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There seem to be a lot of people like that!It's incredible how definite some of the statements are that we read on forums like this one.
It's incredible how definite some of the statements are that we read on forums like this one.Hmmmmm!
...there are a few things of which we can be pretty sure - within their limits - like Newton's Laws of Motion ...
Sorry, guys, but if I may say so, I don't think the above is answering the question that was actully asked, and has side tracked into the uncertainty principle, which is a linked, but slightly different issue.To that end:-At the turn of the previous century, (19th. to 20th.) Max Plank, a German mathematician, postulated the theory that energy exists as particles (quanta) as well as waves. The equation that detemines the energy of a single quantum is still called Plank's constant in his honour.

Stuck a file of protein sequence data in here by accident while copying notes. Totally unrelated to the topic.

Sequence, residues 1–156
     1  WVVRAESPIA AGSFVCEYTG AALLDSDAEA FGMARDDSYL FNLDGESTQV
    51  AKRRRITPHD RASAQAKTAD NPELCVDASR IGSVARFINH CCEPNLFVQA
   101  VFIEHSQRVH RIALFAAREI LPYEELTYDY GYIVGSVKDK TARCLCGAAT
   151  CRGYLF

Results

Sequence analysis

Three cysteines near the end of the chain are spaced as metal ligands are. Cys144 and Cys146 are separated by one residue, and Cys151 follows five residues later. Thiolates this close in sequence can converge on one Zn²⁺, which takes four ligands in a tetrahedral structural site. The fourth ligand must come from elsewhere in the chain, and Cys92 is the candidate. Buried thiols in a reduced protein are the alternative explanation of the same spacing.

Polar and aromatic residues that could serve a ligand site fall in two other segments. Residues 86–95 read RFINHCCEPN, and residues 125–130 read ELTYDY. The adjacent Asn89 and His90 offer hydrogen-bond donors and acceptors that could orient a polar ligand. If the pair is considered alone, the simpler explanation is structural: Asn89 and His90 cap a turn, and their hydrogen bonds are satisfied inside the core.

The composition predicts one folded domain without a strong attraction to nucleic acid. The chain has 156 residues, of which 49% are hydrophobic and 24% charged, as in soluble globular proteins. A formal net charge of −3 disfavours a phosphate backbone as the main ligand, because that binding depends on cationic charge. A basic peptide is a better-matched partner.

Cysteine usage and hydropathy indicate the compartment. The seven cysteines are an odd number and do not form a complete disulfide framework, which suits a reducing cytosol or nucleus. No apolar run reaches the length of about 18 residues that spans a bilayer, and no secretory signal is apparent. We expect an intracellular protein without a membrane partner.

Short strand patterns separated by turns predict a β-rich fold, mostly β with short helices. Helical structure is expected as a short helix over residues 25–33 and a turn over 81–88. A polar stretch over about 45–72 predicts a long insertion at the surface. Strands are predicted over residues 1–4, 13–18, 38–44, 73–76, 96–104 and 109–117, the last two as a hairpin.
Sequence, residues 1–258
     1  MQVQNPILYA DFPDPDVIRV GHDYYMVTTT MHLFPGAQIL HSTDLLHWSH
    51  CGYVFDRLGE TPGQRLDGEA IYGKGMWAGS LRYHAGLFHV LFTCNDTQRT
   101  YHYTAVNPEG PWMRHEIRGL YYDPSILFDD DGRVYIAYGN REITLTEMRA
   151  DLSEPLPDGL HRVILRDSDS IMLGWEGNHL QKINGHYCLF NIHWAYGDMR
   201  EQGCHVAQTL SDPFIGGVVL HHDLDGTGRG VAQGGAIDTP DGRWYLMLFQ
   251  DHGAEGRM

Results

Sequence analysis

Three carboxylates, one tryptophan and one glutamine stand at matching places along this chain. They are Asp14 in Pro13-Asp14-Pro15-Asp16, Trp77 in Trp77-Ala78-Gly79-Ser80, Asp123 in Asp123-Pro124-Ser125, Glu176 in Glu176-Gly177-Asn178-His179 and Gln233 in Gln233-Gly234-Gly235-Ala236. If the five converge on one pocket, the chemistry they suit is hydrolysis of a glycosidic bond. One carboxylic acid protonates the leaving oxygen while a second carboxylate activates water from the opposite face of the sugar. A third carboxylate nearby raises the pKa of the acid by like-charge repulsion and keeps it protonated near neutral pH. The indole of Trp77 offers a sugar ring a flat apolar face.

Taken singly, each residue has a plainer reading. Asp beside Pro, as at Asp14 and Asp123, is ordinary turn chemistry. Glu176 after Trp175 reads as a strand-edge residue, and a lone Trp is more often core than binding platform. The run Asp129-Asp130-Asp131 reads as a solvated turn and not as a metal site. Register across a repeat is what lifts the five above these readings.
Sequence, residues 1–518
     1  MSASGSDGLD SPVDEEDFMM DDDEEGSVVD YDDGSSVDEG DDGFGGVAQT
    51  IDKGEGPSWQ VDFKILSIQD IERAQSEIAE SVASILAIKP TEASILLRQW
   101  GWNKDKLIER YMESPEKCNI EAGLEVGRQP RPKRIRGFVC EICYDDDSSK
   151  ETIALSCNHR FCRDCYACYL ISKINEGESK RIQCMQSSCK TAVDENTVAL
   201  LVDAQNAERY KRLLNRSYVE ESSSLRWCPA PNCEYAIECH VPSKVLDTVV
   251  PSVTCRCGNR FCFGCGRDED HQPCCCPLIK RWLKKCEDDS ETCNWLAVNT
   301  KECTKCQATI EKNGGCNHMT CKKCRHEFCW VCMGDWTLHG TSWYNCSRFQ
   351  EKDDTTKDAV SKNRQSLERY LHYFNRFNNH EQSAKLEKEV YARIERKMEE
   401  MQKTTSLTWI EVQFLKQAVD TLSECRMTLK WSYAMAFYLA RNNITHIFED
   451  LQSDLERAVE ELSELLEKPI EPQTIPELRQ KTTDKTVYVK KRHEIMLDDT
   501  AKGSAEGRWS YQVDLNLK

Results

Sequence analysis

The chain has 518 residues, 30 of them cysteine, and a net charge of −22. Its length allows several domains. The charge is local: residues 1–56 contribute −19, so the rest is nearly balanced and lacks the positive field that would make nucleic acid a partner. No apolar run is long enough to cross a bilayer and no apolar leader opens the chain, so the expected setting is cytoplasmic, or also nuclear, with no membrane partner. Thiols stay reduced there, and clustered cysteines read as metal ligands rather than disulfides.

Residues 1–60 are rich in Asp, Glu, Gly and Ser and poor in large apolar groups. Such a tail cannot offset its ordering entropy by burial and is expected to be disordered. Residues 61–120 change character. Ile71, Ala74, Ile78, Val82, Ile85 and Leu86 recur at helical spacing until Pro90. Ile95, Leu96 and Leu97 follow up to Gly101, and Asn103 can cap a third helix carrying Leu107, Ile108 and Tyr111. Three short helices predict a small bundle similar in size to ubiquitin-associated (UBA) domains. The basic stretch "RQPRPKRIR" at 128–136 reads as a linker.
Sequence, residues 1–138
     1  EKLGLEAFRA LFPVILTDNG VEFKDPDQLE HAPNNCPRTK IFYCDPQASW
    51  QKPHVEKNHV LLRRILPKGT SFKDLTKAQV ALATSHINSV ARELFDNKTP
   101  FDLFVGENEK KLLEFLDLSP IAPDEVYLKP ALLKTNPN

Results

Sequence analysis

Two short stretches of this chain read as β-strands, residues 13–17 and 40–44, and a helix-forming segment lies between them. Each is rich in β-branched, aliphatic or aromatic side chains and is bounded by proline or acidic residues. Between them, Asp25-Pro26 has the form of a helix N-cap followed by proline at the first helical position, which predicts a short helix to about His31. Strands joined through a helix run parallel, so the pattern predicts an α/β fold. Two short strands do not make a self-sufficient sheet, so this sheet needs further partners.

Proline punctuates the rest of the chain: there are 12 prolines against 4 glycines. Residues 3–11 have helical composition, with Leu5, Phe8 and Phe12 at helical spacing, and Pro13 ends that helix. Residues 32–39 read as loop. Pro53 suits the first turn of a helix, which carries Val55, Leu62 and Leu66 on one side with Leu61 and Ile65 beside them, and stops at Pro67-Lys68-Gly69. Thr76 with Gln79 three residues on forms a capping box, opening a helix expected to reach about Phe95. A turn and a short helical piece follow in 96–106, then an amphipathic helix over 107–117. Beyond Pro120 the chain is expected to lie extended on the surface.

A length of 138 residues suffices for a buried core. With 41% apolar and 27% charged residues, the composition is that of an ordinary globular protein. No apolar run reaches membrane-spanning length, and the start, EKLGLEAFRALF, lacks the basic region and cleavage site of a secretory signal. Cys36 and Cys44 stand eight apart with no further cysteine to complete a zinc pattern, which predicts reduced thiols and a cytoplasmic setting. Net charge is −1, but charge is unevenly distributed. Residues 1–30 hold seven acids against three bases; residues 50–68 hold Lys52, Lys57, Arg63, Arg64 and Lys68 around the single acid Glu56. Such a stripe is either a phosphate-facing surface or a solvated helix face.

The Uncertainty Principle is certainly one of the fundamental features of QM that distinguishes it from classical mechanics. It's also one of the best ways to demonstrate how counterintuitive quantum mechanics can be. However, I wouldn't go so far as to say it's "fundamental" to the theory itself, since the Uncertainty Principle is a result of postulates that give rise to the theory, and not the other way around.
QM is the most wonderful , fantastic development in physics!!! It opens up and expands minds like never before!! Unfortunately it comes with some pre-concieved litter carried over from classical physics. Take for instance the phenomena of electricity which was formulated before ever photons were discovered, which has resulted in one hell of a humongous bollocks up!
Oh, and thanks, mcqueen for the phrase "humungous bollocks up." That's one of the technical terms scientists use, right?